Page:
Anthony J. Pennings, PhD


Hypertext, Ad Inventory, and the Use of Behavioral Data

Posted on | October 14, 2021 | No Comments

Artificial Intelligence (AI) and the collection of “big data” are quickly transforming from technical and economic challenges to governance and political problems. This post discusses how the World Wide Web (WWW) protocols became the foundation for new advertising techniques based initially on hypertext coding and online auction systems. It also discusses how the digital ad economy became the basis of a new means of economic production based on the wide-scale collection of data and its processing into extrapolation products and recommendation engines that influence and guide user behaviors.

As Shoshana Zuboff points out in her book, Surveillance Capitalism (2019), the economy expands by finding new things to commodify, to make into products or services that can be sold.[1] When the Internet was opened to commercial traffic in the early 1990s and the World Wide Web established the protocols for hypertext and webpages, a dramatic increase in content and ad space became available. New virtual “worlds” of online real estate emerged. These digital media spaces were made profitable by placing digitized ads on them.

Then, search engines emerged that commodified popular search terms for advertising and also began to produce extraordinary amounts of new data to improve internal services and monitor customer behaviors. Data was increasingly turned into prediction products for e-commerce and social entertainment. Much of the data is collected via advertising processes, but also purchasing behaviors and general sentiment analysis based on all the online activity that can be effectively monitored and registered. The result is a systemic expansion of a new system of wealth accumulation that is dramatically changing the conditions of the prevailing political economy.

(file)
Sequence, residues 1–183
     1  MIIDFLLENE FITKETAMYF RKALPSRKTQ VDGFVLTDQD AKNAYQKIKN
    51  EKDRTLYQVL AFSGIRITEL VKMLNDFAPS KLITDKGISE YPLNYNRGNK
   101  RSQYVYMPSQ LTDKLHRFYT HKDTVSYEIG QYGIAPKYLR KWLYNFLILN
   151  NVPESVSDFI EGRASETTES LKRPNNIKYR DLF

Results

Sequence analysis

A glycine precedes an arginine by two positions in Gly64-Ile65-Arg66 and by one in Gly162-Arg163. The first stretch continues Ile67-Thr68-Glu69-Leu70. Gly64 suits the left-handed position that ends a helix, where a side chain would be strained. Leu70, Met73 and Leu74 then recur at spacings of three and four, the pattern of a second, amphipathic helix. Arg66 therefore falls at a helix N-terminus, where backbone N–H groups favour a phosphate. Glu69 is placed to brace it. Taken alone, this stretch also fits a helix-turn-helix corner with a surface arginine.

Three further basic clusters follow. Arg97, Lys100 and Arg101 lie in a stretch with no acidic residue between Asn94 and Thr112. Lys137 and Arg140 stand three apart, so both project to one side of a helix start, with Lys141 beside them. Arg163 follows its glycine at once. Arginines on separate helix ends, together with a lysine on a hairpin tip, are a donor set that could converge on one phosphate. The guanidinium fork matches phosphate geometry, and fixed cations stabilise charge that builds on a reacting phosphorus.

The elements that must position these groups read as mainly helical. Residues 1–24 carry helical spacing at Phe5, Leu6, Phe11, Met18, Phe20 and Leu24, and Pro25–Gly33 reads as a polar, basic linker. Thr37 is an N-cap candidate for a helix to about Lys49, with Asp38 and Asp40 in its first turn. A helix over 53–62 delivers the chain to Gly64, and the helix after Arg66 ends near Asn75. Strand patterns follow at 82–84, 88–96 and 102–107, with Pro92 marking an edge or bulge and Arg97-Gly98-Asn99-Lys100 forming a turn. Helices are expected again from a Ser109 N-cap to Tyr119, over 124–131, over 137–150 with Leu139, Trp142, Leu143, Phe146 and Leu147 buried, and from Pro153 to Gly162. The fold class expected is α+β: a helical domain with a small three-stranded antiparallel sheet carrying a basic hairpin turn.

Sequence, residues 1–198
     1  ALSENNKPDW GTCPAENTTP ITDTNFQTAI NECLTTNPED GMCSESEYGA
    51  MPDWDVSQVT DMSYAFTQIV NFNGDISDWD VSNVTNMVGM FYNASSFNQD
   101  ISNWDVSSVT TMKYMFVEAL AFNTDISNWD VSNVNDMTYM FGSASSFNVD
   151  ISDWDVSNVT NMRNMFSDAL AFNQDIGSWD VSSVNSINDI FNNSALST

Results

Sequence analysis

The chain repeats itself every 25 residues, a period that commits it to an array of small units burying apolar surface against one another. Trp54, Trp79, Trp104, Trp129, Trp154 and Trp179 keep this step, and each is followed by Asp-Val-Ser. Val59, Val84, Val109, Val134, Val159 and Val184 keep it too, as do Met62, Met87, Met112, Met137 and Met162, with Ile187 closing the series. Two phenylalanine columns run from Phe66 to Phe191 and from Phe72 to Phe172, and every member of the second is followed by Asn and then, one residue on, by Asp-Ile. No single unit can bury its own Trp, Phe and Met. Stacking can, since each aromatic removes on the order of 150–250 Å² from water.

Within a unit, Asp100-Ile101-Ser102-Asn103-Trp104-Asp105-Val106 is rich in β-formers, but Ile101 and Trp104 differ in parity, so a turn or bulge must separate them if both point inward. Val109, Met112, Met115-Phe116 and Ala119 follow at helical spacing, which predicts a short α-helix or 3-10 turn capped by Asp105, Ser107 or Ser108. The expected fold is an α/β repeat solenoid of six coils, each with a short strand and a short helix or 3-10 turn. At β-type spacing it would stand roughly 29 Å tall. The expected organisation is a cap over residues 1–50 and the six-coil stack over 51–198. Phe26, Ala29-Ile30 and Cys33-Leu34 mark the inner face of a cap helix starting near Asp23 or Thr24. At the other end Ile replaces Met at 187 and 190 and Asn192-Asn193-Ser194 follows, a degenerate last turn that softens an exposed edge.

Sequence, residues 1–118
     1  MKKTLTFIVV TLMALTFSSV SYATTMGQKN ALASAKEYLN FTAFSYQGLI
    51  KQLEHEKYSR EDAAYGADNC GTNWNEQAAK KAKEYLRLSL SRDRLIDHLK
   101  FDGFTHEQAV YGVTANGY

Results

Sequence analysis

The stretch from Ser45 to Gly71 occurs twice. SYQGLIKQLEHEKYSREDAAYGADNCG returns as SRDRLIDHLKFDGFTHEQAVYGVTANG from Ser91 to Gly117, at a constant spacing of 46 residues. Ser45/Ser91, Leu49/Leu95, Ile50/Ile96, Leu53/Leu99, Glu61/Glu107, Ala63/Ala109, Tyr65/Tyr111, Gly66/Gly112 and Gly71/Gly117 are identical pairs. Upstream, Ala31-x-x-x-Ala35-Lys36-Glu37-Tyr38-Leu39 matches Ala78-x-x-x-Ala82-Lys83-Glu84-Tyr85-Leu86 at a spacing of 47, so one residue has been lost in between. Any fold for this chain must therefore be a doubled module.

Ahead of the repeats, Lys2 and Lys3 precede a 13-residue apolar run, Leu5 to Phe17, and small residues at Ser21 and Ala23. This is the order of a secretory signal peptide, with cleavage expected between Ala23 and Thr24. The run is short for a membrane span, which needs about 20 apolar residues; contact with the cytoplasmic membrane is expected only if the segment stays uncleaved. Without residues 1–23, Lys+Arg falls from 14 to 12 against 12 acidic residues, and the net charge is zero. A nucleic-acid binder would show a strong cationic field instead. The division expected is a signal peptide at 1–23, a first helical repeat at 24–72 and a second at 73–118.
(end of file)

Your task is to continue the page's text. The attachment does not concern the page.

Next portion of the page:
The Internet’s Killer App

The World Wide Web was the “killer app” of the Internet and became central to the modern economy’s advertising, data collection, e-commerce, and search industries. Killer apps are computer applications that make the technology worth purchasing. Mosaic, Netscape, Internet Explorer, Firefox, Opera, Chrome were the main browsers for the WWW that turned Internet activities into popular and sometimes profitable pastimes.

In addition, computer languages made the WWW malleable. Markup languages like HTML were utilized to display text, hypertext links, and digital images on web pages. Programming languages like JavaScript, Java, Python, and others made web pages dynamic. First by working with the browser and then servers that could determine the assembly and content of a web page, including where to place advertisements.

Hypertext and the Link Economy

The World Wide Web actualized the dream of hypertext, linking a “multiverse” of documents long theorized by computer visionaries such as Vannevar Bush and Ted Nelson. Hypertext provides digital documents with links to other computer resources. What emerged from these innovations was the link economy and the meticulous collection and tracking of information based on the words, numbers, graphics or images what that people “clicked.”

Apple’s HyperCard in the late 1980s created documents with “hot buttons” that could access other documents within that Apple Macintosh computer. Tim Berners-Lee at CERN used one of Steve Jobs’ Next Computers to create the hypertext environment grafted on the Internet to become the World Wide Web. The HyperText Transfer Protocol (HTTP) allowed links in a cyber document on a web browser to retrieve information from anywhere on the Internet, thus the term World Wide Web.